static void Main(string[] args)
            {
                object b = null;
                a(b);
            }

            /*Function 1*/

            static int a(object a)
            { return 1; }

            /*Function 2*/

            static int a(string a)
            { return 1; }

    Here I type cast null to be an object and get the same results

            static void Main(string[] args)
            {
                a((object)null);
            }

            /*Function 1*/

            static int a(object a)
            { return 1; }

            /*Function 2*/

            static int a(string a)
            { return 1; }


    jdweng

    Sunday, August 12, 2012 9:53 PM
  • Hi Joel,

    Thanks for your reply. actually I just wanted to know the same. Why the compiler resolves the call to the function 2 in the original code, though both are the reference types.

    e.g if there is one more function a(SomeClass a) then compiler will throw error, which is quite understandable for me.

    So in case of parameter as object, what is the reason that the compiler chooses the function 2 instead of function 1. Is this because string is "more" concrete implementation of object. Or is there something like the object is not a reference type at all in the undelying impllementation.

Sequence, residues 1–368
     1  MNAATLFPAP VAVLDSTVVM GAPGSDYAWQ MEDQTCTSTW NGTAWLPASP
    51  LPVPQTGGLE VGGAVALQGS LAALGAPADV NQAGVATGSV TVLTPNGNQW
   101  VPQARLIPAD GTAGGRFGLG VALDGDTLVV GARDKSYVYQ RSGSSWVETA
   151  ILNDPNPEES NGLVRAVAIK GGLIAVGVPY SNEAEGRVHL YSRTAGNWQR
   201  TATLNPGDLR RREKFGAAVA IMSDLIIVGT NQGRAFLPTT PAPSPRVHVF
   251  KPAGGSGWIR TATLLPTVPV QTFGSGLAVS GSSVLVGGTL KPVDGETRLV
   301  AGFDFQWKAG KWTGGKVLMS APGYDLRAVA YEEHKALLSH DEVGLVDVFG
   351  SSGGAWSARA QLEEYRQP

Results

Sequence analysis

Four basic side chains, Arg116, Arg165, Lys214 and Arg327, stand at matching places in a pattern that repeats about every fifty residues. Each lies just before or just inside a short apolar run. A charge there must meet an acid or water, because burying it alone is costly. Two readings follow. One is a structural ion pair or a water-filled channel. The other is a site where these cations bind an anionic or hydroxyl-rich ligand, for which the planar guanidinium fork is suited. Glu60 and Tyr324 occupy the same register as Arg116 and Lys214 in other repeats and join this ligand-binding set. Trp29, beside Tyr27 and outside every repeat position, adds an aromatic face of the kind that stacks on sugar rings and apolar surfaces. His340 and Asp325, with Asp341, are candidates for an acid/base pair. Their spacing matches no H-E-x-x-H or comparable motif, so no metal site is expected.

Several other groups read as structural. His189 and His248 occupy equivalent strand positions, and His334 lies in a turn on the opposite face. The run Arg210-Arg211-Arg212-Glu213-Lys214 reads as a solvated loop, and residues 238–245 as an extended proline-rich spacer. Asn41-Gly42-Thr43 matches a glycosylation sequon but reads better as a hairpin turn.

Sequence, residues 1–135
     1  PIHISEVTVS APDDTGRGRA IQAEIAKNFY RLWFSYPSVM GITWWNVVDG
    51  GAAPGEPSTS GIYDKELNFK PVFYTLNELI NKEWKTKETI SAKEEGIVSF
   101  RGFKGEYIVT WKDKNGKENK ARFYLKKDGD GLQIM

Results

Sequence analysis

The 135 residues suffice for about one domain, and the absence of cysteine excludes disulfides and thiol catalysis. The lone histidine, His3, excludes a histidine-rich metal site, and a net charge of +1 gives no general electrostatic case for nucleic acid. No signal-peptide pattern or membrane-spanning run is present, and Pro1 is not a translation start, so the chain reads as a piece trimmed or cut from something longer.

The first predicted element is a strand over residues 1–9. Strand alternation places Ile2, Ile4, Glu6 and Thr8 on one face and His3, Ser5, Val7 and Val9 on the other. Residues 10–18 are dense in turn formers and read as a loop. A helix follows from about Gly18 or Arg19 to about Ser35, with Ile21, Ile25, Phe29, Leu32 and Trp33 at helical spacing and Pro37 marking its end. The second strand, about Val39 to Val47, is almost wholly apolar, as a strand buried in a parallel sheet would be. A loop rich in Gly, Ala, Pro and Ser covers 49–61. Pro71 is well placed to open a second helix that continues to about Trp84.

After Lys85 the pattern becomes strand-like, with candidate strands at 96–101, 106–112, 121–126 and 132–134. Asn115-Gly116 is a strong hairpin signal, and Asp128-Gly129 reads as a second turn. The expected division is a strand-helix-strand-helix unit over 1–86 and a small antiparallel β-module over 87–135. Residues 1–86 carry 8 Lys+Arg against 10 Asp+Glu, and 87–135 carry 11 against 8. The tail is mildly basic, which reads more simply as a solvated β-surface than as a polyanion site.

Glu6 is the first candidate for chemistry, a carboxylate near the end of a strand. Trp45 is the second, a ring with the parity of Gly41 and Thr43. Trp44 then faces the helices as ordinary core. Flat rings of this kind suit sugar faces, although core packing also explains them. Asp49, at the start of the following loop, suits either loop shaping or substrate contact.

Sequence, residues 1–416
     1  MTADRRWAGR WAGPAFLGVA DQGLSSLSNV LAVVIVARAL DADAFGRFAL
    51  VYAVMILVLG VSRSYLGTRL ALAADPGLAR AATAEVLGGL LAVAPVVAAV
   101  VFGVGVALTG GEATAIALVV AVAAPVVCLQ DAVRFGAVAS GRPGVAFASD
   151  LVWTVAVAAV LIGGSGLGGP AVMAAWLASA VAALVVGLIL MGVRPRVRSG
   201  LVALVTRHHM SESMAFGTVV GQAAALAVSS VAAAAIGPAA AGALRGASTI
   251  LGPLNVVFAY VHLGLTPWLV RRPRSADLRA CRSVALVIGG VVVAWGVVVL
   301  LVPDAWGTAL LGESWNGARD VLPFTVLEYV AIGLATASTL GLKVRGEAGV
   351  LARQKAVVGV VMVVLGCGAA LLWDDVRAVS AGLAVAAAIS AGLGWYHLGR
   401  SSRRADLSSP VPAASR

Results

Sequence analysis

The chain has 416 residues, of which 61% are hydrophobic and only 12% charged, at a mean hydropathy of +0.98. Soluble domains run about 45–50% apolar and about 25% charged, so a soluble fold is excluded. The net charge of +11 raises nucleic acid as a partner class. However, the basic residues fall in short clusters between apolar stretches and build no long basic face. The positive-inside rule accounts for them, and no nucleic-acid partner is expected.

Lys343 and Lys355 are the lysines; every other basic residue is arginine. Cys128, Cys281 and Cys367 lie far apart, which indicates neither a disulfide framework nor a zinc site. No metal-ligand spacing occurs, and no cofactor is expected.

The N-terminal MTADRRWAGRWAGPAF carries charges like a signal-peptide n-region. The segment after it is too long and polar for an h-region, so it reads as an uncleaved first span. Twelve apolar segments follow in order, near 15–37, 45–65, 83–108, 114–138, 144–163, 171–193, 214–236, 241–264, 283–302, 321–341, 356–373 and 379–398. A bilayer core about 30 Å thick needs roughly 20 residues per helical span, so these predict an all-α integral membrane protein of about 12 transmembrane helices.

Monday, August 13, 2012 4:28 PM
  • To paraphrase the question you ask in your last paragraph:

    The compiler chooses function 2 instead of function 1. Is this because string is derived from object?

    Yes. Think about it like this. Suppose instead you had

    abstract class Animal {}
    abstract class Mammal : Animal {}
    abstract class Tiger : Mammal {}
    ...
    void M(Mammal m){}
    void M(Animal a){}
    ...
    M(new Tiger());

    You would expect that the Mammal version, not the Animal version, would be called, right? The compiler knows that Mammal is the better choice because every Mammal is convertible to Animal, but not every Animal is convertible to Mammal. Therefore Mammal is more specific.

    By the same logic, the string version is better than the object version. Every string is an object, not every object is a string, so string is more specific and therefore is the better choice.

    This can get quite confusing. For example, many people are confused by this code:

    void N(params object[] p) {}
    void N(object o) {}
    ...
    N(null);

    What happens? There are three possibilities. This code could be treated like:

    N((object[]) null); // 1
    N(new object[] { null } ); // 2
    N((object)null); // 3

    Take a guess as to which one is right.

    .

    .

    .

    .

    .

    Option 1 is correct. You know that option 3 cannot be chosen because again, every object[] is an object, but not every object is an object[], so object[] is more specific, so version 3 loses. Option 2 loses because a method that is applicable in its expanded form is worse than a method applicable in its normal form. And that leaves option 1 as the winner.

    For the exact rules, read section 7.5.3.2 of the C# 4 specification.



    Thursday, August 16, 2012 9:20 PM